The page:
What can hip hop & Oprah teach us about dealing with Trump?

What can hip hop & Oprah teach us about dealing with Trump?

When they go low, former First Lady Michelle Obama famously said, we go high. But how well does that work in the Trump era? And how low can you go without getting dragged down?

It’s safe to say, America has never seen anything like the presidency of Donald Trump. America has never had a president anywhere near as willing to get down in the mud as Donald Trump.

When Obama made her comments, during the 2016 election, she distilled the approach she and her husband brought to the White House: Take the high road. Stay above the fray.

It worked for them. For eight years, conservatives flung all manner of dirt and muck at the Obama’s, and none of it stuck.

Then the unthinkable happened. Donald Trump – who seems to reside permanently in the muck and couldn’t find the high road on Google Maps – rode the lowest of low roads right into the White House.

To no one’s surprise, Donald Trump brought to the Oval Office the same belligerent, pugilistic approach that won him the hearts of alt-righters on the campaign trail.

As President, Trump has done most of his mudslinging and name-calling from his Twitter account.

One of Trump’s most recent target — television legend Oprah Winfrey, whose speech at this year’s Emmys ignited buzz about her possible candidacy as a Trump challenger in 2020, was asked by CNN’s Van Jones what she would say to Trump if she were to speak with him “billionaire to billionaire” and “mega-star to mega-star.”

Winfrey demurred that she would say anything at all. “I would only speak if I felt that I could be heard,” Winfrey said, implying that Trump wouldn’t be open to hearing anything she had to say.

Winfrey went on to offer some advice to whoever does run against Trump in 2020 (assuming he lasts that long). ““I will say to whoever is going to run for office, do not give your energy to the other side,” Winfrey said. “Do not give your energy to that which you really don’t believe in. Do not spend an ounce of your time on that.”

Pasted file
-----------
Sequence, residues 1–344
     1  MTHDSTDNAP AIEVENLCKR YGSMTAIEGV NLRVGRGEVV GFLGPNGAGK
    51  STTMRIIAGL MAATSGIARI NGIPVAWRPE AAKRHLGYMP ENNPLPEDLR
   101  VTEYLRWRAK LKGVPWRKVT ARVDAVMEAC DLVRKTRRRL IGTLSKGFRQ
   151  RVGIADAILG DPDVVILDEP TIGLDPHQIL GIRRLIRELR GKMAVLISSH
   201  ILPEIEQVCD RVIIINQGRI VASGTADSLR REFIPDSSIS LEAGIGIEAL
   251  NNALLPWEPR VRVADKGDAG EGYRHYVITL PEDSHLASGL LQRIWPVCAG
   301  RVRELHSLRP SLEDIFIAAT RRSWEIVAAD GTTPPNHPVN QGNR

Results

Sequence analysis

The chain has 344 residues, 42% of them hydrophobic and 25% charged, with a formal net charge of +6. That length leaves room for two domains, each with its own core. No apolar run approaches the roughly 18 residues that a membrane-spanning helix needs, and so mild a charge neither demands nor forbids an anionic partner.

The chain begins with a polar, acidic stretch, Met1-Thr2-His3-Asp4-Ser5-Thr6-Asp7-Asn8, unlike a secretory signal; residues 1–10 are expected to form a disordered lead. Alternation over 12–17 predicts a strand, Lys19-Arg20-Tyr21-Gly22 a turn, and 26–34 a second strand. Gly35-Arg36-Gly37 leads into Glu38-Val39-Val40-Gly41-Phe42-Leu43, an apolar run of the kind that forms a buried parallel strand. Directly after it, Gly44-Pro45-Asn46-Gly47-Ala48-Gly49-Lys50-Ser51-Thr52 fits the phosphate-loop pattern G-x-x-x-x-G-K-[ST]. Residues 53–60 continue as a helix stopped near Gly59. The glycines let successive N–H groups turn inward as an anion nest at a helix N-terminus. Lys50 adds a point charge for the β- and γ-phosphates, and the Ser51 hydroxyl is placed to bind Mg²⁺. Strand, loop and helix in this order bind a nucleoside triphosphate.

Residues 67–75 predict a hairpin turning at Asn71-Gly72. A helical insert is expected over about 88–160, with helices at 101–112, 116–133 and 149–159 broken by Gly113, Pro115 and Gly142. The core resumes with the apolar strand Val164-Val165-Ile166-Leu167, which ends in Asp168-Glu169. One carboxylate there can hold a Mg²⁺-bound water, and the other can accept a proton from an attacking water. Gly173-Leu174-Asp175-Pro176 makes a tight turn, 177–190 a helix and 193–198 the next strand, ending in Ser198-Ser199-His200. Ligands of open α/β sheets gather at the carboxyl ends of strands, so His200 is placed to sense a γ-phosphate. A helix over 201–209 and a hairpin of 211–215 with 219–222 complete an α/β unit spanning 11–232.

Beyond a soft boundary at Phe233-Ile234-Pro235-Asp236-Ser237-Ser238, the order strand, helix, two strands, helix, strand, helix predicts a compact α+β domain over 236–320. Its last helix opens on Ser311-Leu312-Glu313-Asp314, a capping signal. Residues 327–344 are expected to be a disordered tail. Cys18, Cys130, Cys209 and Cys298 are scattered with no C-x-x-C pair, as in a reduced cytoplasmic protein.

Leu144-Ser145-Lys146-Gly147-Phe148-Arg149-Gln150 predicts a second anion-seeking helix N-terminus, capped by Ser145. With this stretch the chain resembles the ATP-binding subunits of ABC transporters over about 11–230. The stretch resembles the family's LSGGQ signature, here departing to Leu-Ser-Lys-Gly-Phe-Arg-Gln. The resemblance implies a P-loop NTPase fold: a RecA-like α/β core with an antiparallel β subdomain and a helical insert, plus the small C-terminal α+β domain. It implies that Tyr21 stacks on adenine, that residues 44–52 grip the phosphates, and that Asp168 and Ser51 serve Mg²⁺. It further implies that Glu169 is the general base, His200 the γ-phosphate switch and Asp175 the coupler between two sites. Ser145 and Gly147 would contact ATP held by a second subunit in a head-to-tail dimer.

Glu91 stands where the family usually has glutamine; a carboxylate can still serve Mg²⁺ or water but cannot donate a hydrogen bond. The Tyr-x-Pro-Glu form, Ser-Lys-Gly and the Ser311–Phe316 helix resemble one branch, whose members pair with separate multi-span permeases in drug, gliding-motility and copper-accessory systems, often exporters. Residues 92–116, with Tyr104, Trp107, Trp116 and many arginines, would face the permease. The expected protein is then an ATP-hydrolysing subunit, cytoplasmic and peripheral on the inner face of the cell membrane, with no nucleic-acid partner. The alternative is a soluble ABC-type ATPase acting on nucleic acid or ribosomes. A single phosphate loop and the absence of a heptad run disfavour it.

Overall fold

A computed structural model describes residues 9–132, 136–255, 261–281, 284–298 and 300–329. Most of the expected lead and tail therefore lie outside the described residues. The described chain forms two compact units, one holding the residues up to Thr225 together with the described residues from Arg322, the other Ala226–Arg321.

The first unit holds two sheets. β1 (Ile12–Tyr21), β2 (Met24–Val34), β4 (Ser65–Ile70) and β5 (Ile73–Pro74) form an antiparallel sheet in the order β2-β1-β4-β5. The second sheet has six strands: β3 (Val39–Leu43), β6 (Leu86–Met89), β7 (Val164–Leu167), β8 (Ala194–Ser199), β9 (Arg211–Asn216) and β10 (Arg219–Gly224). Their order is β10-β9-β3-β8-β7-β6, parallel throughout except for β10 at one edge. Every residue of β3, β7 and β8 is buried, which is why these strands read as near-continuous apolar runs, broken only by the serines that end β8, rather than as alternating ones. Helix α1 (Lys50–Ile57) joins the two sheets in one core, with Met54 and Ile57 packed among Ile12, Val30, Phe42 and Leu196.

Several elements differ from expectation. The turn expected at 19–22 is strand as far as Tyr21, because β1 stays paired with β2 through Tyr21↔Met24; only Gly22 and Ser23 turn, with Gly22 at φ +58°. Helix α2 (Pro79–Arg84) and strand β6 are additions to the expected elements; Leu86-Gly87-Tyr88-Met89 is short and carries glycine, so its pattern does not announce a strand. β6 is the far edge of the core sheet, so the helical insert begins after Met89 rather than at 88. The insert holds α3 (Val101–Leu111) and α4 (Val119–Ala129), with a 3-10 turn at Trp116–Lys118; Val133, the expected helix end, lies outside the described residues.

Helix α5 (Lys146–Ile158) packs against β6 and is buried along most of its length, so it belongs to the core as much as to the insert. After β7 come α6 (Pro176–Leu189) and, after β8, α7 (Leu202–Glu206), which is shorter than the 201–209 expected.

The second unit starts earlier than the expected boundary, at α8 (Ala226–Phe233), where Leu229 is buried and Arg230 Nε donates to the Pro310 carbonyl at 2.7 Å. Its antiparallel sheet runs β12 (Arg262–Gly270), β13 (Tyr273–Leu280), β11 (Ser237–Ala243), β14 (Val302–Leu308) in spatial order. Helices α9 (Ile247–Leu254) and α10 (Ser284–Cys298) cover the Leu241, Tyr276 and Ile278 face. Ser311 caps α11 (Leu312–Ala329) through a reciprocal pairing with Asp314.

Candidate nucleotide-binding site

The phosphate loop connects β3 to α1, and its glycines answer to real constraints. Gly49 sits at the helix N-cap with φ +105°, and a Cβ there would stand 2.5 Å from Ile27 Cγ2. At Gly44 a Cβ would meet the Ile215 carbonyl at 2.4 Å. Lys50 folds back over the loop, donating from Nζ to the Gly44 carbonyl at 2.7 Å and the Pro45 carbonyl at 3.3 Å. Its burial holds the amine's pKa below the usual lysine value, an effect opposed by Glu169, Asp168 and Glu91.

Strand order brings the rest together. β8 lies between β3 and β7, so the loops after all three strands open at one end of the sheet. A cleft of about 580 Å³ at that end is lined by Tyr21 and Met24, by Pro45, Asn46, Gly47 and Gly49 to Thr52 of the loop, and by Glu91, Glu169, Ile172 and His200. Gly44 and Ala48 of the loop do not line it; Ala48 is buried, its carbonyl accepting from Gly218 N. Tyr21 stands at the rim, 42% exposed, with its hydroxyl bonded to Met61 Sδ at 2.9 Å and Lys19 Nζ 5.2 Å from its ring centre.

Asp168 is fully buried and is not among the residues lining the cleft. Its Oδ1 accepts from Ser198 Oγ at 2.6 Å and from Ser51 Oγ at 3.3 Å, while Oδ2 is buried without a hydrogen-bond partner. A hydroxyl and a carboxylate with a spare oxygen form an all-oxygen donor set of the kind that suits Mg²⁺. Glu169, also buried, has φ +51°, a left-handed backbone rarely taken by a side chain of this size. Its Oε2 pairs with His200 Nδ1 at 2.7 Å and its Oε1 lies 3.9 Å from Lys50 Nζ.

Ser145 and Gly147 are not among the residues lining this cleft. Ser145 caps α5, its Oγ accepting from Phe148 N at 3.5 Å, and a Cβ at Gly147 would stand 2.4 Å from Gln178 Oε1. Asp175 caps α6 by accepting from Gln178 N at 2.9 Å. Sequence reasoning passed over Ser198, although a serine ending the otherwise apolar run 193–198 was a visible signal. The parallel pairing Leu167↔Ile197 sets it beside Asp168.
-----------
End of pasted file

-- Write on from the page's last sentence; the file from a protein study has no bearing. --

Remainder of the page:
That might work for Winfrey. Some would say it worked for the Obama’s, who faced with almost preternatural grace the racist vitriol flung at them daily. Others would say Obama held himself above the fray, and got blindsided by the depth of the hatred against him, and its power to propel Trump to power.

So, how well does taking the high road work when the low road leads to the White House? Marco Rubio learned that an excursion to get down in the dirt with an opponent who dwells there is often a losing venture. Fighting on your opponent’s home turf rarely goes well.

At the same time, there’s legitimate concern that fighting enmity with enmity only normalizes hatred and animosity.

Maybe the greater danger isn’t normalizing Trump. Maybe the greater danger is ignoring that Trump isn’t all that far out of the mainstream. However bigoted and vile his beliefs, they were popular enough to land him in the White House.

Winfrey framed her answer in a plug for her new movie, “A Wrinkle In Time,” describing it as a film about “fighting darkness.” Americans have fought darkness in many forms — slavery, segregation, sexism, homophobia, xenophobia, hate crimes.

None of those battles were won by pretending the darkness wasn’t there. Sometimes it requires us to venture deep into the darkness. Sometimes, when the opposition only fights dirty, the trick is to get down in the dirt when necessary, and not stay there.

In a time when dirt is flung from the top, and ignoring it may only ensure that some of it sticks, the best response is to follow some popular advice from the hip hop world and “brush the dirt off your shoulder” without getting down in the mud.

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